First, of course, is the ready access to guns -- military-style guns -- and the N.R.A.'s ability to prevent a majority of cowering politicians from enacting even the most minimal gun control legislation.  There have been 74 school shootings since Sandy Hook and, if anything, the gun fetishists have gained influence.  The Open Carry Texas movement, involving men brazenly displaying their assault weapons in fast food restaurants, seemed to discomfit even the N.R.A.  But only temporarily.  Meanwhile, no tragedy seems to be able to move the government from its blithe acquiescence to these gun nuts.

Closely related is the deep-rooted belief among a wide swath of conservatives that the Second Amendment sanctions their fundamental right to armed revolution in response to what they perceive as tyranny.  As Ed Kilgore puts it, they believe that "virtually unlimited access to weaponry, including military weaponry, is essential to the maintenance of liberty on grounds that patriots might need to emulate the original American Revolutionaries and undertake the armed overthrow of the government."

The problem is that what they view as tyrannical encompasses pretty much anything that a Democratic Administration, especially the current one, endorses.  Obamacare is an assault on freedom.  Climate change is a hoax.  Legalized abortion is akin to the Holocaust.  The IRS is a tool to deny free speech to the Tea Party.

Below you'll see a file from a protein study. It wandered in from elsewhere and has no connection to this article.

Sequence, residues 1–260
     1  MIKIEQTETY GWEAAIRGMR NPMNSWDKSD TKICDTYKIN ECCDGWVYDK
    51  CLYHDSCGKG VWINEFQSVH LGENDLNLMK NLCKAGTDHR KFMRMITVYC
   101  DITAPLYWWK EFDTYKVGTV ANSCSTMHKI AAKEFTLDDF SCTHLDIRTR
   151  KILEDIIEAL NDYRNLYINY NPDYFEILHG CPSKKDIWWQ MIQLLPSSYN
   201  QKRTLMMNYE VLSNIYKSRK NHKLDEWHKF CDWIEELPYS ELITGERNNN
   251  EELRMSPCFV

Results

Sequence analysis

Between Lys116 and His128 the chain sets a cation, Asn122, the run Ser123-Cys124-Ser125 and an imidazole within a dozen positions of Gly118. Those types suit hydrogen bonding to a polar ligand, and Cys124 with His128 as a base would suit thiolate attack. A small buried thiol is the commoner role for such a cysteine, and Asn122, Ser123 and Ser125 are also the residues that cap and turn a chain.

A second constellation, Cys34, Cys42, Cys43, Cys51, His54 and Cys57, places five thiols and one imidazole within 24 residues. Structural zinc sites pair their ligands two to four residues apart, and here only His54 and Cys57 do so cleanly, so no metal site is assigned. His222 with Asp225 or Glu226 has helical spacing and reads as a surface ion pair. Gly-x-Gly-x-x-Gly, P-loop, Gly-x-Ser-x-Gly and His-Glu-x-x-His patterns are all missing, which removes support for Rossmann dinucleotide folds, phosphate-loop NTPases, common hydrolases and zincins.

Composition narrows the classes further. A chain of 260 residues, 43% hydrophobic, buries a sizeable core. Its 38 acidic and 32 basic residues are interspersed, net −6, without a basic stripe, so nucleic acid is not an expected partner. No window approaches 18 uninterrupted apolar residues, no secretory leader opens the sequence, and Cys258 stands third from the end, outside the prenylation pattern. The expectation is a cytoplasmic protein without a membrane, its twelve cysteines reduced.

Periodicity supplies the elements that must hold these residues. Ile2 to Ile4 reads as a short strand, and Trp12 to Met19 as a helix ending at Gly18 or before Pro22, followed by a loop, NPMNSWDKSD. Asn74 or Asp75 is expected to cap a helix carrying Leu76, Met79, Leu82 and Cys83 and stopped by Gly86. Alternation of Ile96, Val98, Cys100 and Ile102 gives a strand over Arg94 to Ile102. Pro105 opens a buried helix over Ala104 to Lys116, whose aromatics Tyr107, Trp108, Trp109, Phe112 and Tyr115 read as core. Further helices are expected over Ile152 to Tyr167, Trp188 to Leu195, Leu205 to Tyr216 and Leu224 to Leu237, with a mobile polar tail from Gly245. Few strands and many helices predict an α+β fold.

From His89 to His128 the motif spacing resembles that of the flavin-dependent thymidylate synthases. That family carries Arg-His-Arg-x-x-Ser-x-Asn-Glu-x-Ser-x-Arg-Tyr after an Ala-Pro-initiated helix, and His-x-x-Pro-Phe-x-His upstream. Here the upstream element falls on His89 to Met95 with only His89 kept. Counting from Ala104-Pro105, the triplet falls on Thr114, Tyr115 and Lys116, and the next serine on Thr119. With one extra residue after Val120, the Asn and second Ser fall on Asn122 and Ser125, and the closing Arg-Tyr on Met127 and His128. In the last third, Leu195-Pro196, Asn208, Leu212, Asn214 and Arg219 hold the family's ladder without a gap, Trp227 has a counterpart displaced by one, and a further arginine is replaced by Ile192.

And right wing politicians eagerly play along.  For example, as Brian Beutler describes, "when Democrats tried to pass an extremely modest gun law in the aftermath of the Newtown massacre, Ted Cruz said the real goal was 'a federal list of every gun owner in America.'  When Democrats more recently proposed a constitutional amendment to effectively reverse the consequences of the Citizens United ruling, he said they were trying to 'repeal the First Amendment.'" 

And what makes this particularly explosive is the apocalyptic rhetoric of mainstream conservatives -- Republican politicians and Fox News pundits alike -- who pander to their base, stoking their anger and feeding their paranoia by engaging in relentless falsehoods and implicitly condoning whatever measures are taken to redress the government's infringement on their liberty.

Back in January 2011, after the Gabrielle Giffords shooting in Tuscon, I wrote that it was inevitable that the increasingly inflammatory rhetoric and violent imagery from the right was bound to land somewhere: "Republicans have demonized the President and others who oppose their political and social world view, and have called, perhaps metaphorically, for their demise in offensively graphic terms. Tragically and predictably, not everyone understands it as metaphor."

Things have only gotten worse.  As Paul Waldman writes "when you broadcast every day that the government of the world’s oldest democracy is a totalitarian beast bent on turning America into a prison of oppression and fear, when you glorify lawbreakers like Cliven Bundy, when you say that your opponents would literally destroy the country if they could, you can’t profess surprise when some people decide that violence is the only means of forestalling the disaster you have warned them about."